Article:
1. Not a bad idea, but I think a 4-cylinder boxer, or even 2-cylinder opposed configuration would be much better, from both cost and compactness factors. Tech Ingredients (https://www.youtube.com/watch?v=1yB49G756OI) did a series where he attempted to build a power pack for a big drone, to take advantage of the high energy density of hydrocarbon fuels as a way to get long duration drone flights. He used two model airplane engines coupled together to get the desired power output. This video shows the bench setup; I don’t recall him ever building a flyable version, as I recall the numbers just didn’t work out to make it practical.

    1. I don’t think the design shortcomings of the engine are much deterrent for RC hobbyists, they’ll likely tune and modify the engine anyway if they want to use it in competitions.

      Sometimes you want more scale accuracy than performance, because for some hobbyists it’s more important to look good than go fast. Engineering can be art, too, and that’s why we have hot rod and tuner culture, as well as all types of conventions and gatherings to show off our artfully crafted and decorated machines.

      1. @I alone possess the truth In the USA most homes have what could be called 2 phase power going to them. That being 2 seperate 120 VAC lines that are 180 degrees out of phase giving you 240 VAC if measured between the lines and 1 neutral. This particular house has 3 conductors and 1 neutral which is typically seen in industrial applications not on houses.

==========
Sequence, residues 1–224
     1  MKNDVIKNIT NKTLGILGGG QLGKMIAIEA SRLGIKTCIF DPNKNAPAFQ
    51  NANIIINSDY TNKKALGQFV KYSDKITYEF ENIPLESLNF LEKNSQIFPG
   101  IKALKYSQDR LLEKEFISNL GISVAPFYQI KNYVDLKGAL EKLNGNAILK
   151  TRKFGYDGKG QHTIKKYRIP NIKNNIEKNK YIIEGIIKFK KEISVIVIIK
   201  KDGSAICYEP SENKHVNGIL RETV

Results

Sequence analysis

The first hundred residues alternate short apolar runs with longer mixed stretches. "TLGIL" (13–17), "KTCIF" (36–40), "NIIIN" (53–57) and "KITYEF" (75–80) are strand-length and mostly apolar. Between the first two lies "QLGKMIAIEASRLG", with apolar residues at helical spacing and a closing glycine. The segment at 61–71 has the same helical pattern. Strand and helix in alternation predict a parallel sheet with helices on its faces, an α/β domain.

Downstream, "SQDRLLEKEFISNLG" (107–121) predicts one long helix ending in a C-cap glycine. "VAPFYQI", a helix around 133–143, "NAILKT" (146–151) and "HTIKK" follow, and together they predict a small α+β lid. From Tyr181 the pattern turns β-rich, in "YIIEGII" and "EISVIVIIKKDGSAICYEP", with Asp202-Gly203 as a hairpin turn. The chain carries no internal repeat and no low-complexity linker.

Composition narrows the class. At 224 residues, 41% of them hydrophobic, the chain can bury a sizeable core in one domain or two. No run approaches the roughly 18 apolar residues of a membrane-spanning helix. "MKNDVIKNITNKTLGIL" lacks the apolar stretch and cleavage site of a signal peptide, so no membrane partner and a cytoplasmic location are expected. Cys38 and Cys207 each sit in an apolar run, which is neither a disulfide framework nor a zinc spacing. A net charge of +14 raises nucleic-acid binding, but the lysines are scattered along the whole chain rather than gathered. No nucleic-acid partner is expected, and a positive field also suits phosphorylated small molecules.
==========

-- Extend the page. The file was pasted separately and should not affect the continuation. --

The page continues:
1. The US way of doing residential electrical power is only partially weird. There is an arguable safety advantage that the live conductors are never more than 177 V peak with respect to neutral earth ground. The down side is not many residential appliances take advantage of the fact they could operate at 240 volts. It is mostly stoves, clothes dryers, water heaters and car chargers which are 240 volts while lighting and just about all small appliances operate at 120 volts. In days of yore in the early 20th century, using fat copper wiring was not a big deal in the US.

  3. V8s don’t necessarily need to die. You could run them on hydrogen if manufacturers really wanted to keep making them.

    But they will die because they’re overly complex compared to an electric motor, and are rapidly falling behind in terms of performance. This engine is a good case in point, being tenfold the cost of a normal competition RC motor and a fraction of the performance of a modern electric motor.

    This is pretty much just for the looks and nostalgia. Great work though.

  4. There are a whole bunch of these types of engine kits available in any configuration you please. I’m kind of torn because they are inherently awesome but, as mentioned above, may have manufacturing/design issues. Classic “practical vs awesome” trade off. Previously, only way to get something like this was professional machinist with a side hobby. But, for the record, I come down on side of awesome.